Jun 1, 2017 – The Call
He drew a circle that shut me out —
Heretic, rebel, a thing to flout.
But Love and I had the wit to win:
We drew a circle that took him in!
– Edwin Markham
A couple of months ago, I found out that I am going to be father for the first time. As many of you who are already parents know, the news alone makes a profound change in your life. And, something I have been thinking a lot about is what are the values I want to help pass along to our little one. I think of my own core values of authenticity, family, and service to community. But, I also keep coming back to the idea of inclusivity, the idea that our communities are strongest when multiple voices are at the table–when that table is as inclusive of all narratives as possible. If I could cultivate this value in our little one, I feel I would have done right by them and right by the world.
As a Black man in America, I have often been in places and in situations where I have been intentionally made to feel excluded, like I did not belong, like I should not be there. I have even been in situations where I have been both intentionally invited and intentionally excluded. It’s a terrible feeling–demoralizing. Many people from marginalized communities are well acquainted with the feeling. It causes trauma compounded on the deep generational trauma that already exists. One of the reasons I have done the work I have done and continue to do to advocate for the arts and artists is my strong belief that the arts (and not art as this monolithic, pure thing) can heal trauma, and thus our communities. I believe that a community powered by the arts is a stronger more cohesive community.
Markham’s poem is one I think about when I think about building communities and creating understanding between groups. And when I think of the arts, I often see people so quick to draw circles to shut people out. High art, low art. Fine art, craft. Binary thinking is, in my opinion such an obstacle to creativity and progress, that I have wondered throughout how is it that I have found so much of this among my artistic peers. It is always so much more interesting to take people in and the return on social investment is immense. Our communities are healed when we allow space to express many narratives.
NEMAA is committed to cultivating an inclusive arts community, a community that is supportive, growing the number of performing artists, literary artists. I am a fan of, advocate for the full spectrum of creative people, the more diverse a creative community can be, the more valuable to more people it becomes. As we approach the millennial mark for NEMAA members, we hope to see our membership become more inclusive in ways the represent the diversity of artists in our community. One place we find diversity is in a surprising place–geography. Among you are members as far away as Duluth, as far away as Ohio. We realize that these members, like you local members, need and desire ways to stay connected to this community and as the number of community level members continues to grow, we also must provide more opportunities for you to engage throughout the year. So along with the NEMAA App which, according to our visitor survey, 60% of visitors used during Art-A-Whirl; you will see an updated, more dynamic website, newsletter, and a couple of exciting new opportunities for storytelling on a much larger scale in the coming year. We already have year-round media partnerships with Star Tribune Magazine, KFAI, AM950, Outfront Media and The Journal and through these partnerships, we will continue to tell the story of the vitality of the creative community that is the NEMAA membership and highlight the diversity of artists represented and we seek to be even more inclusive.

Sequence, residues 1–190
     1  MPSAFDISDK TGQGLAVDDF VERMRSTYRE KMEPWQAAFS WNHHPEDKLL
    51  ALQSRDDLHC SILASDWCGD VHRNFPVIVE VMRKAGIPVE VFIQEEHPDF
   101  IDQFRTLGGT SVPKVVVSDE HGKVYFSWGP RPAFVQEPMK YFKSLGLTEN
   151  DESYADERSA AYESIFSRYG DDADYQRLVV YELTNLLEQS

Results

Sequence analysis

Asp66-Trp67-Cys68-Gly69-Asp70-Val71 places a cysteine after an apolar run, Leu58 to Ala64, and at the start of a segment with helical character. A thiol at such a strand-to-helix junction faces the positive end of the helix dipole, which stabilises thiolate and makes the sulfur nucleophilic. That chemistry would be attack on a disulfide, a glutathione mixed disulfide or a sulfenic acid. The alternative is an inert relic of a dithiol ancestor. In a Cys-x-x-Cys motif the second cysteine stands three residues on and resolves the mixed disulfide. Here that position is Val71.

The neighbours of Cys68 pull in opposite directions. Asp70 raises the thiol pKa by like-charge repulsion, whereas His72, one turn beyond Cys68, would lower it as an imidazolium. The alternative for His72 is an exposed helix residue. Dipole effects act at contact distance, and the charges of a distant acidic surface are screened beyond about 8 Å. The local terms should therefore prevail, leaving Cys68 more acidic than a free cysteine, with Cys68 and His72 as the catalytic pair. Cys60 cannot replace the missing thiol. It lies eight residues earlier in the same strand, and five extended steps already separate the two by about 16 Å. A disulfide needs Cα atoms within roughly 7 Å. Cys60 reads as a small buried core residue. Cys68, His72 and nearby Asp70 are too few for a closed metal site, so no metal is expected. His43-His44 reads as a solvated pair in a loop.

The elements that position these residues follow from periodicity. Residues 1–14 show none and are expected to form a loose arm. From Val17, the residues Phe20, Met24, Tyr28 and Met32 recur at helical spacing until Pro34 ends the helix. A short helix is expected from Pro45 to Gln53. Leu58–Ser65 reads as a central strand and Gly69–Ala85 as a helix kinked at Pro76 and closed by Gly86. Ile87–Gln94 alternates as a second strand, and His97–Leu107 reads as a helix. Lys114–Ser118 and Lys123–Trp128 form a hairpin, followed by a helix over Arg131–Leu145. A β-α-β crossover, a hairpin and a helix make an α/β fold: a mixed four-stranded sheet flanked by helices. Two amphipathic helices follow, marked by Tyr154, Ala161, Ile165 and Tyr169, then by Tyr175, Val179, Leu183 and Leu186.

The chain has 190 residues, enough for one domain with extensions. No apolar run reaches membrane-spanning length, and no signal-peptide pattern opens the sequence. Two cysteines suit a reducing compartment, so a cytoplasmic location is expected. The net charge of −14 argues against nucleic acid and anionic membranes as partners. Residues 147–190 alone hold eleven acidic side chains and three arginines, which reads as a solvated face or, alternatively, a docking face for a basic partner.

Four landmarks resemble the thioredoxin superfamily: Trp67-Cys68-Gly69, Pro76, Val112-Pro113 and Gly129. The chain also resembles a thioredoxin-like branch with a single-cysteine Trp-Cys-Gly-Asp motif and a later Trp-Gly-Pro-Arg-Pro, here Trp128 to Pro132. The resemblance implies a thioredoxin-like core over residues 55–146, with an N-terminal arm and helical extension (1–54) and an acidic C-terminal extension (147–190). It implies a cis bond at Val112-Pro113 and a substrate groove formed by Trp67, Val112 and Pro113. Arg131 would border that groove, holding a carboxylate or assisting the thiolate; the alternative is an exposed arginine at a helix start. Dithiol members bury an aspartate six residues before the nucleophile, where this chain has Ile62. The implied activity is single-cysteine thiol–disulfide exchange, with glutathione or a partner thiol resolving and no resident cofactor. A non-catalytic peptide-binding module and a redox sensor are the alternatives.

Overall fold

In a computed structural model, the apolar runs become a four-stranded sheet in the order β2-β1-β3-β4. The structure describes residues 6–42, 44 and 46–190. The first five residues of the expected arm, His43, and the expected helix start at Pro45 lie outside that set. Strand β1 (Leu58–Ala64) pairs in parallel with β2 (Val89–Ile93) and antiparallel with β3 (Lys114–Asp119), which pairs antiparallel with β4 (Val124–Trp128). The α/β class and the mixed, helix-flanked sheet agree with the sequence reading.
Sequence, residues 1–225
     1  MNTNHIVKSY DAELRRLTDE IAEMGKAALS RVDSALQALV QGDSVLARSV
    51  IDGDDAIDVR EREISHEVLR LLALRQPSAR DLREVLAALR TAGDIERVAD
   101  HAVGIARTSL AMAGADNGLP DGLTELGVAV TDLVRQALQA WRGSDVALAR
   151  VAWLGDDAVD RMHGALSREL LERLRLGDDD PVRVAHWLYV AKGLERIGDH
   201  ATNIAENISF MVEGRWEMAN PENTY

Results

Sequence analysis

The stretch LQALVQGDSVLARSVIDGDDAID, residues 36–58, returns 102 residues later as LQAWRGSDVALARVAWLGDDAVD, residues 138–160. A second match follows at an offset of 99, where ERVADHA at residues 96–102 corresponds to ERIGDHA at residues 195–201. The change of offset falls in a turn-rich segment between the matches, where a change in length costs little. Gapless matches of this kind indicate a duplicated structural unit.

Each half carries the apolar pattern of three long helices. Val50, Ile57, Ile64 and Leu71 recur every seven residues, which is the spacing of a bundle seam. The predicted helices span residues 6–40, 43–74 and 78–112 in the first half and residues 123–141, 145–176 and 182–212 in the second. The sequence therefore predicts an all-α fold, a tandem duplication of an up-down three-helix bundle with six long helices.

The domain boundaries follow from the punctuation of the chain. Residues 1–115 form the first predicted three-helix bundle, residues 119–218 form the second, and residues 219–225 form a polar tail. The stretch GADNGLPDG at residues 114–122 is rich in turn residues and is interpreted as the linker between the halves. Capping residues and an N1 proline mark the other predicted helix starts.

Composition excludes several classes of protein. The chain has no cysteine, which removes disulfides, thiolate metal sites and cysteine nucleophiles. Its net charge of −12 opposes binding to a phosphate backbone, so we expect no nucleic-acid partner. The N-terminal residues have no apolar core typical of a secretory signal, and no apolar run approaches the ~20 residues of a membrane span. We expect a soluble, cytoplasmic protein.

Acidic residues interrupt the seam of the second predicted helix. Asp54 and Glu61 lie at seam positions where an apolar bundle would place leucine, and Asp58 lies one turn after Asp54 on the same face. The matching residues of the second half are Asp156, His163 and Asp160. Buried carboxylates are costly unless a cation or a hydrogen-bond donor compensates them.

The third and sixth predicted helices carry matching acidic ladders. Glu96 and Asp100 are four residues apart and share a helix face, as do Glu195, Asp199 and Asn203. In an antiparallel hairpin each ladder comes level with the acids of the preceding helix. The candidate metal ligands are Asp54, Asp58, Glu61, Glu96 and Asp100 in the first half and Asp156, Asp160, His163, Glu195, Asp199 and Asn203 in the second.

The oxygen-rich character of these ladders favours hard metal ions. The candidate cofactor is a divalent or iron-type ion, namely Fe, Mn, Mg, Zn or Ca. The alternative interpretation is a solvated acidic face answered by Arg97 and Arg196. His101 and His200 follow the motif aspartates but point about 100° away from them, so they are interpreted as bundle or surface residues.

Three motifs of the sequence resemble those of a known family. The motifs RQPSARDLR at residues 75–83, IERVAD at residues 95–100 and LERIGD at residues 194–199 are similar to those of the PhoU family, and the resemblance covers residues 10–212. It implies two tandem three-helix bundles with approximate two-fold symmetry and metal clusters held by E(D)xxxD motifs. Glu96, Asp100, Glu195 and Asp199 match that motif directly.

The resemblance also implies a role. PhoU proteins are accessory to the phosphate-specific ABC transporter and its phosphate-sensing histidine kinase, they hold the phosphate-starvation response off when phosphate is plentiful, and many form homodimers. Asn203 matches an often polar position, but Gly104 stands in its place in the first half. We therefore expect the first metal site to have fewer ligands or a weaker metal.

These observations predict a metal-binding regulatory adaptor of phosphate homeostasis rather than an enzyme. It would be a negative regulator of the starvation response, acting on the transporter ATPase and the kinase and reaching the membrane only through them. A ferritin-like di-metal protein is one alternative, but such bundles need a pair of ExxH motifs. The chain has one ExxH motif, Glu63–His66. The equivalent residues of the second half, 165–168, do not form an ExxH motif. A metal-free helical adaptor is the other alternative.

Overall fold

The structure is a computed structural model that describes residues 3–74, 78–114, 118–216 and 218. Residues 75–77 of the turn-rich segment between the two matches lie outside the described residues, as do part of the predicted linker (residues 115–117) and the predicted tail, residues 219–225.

Earlier this spring First Thursday N|Motion was piloted at Northrup King Building. We hope to expand it to continue to support NEMAA creative community members without studio space, provide opportunity for short term installation/conceptual projects, and welcome artists, curators and other arts leaders from across the region for special presentations to our membership. We will continue to build partnerships with the breweries, bars and restaurants, and retail establishments to provide more deals for visitors of Thursday and Saturday open studio events. Through my role on the Minneapolis Arts Commission, I will advocate for an re-evaluation of Minneapolis’ Public Art RFP and review process to increase accessibility and reinforce a priority for local artists. And NEMAA will work with our broader maker community and community organizations to ensure that Northeast remains the beautiful combination of affordable residential and maker spaces.
There is no elite or ruling class of NEMAA. I have learned much from the organizations for which I have worked and the many boards on which I have served. And, there are NO favorites here. All voices are equal; from the seasoned, established vets to the hopeful, dewy rookies. You all get a seat. NEMAA can and should more than a clique, it should be a movement that draws a circle to take others in. Because in the end, as Lennon and McCartney penned, the love you take is equal to the love you make.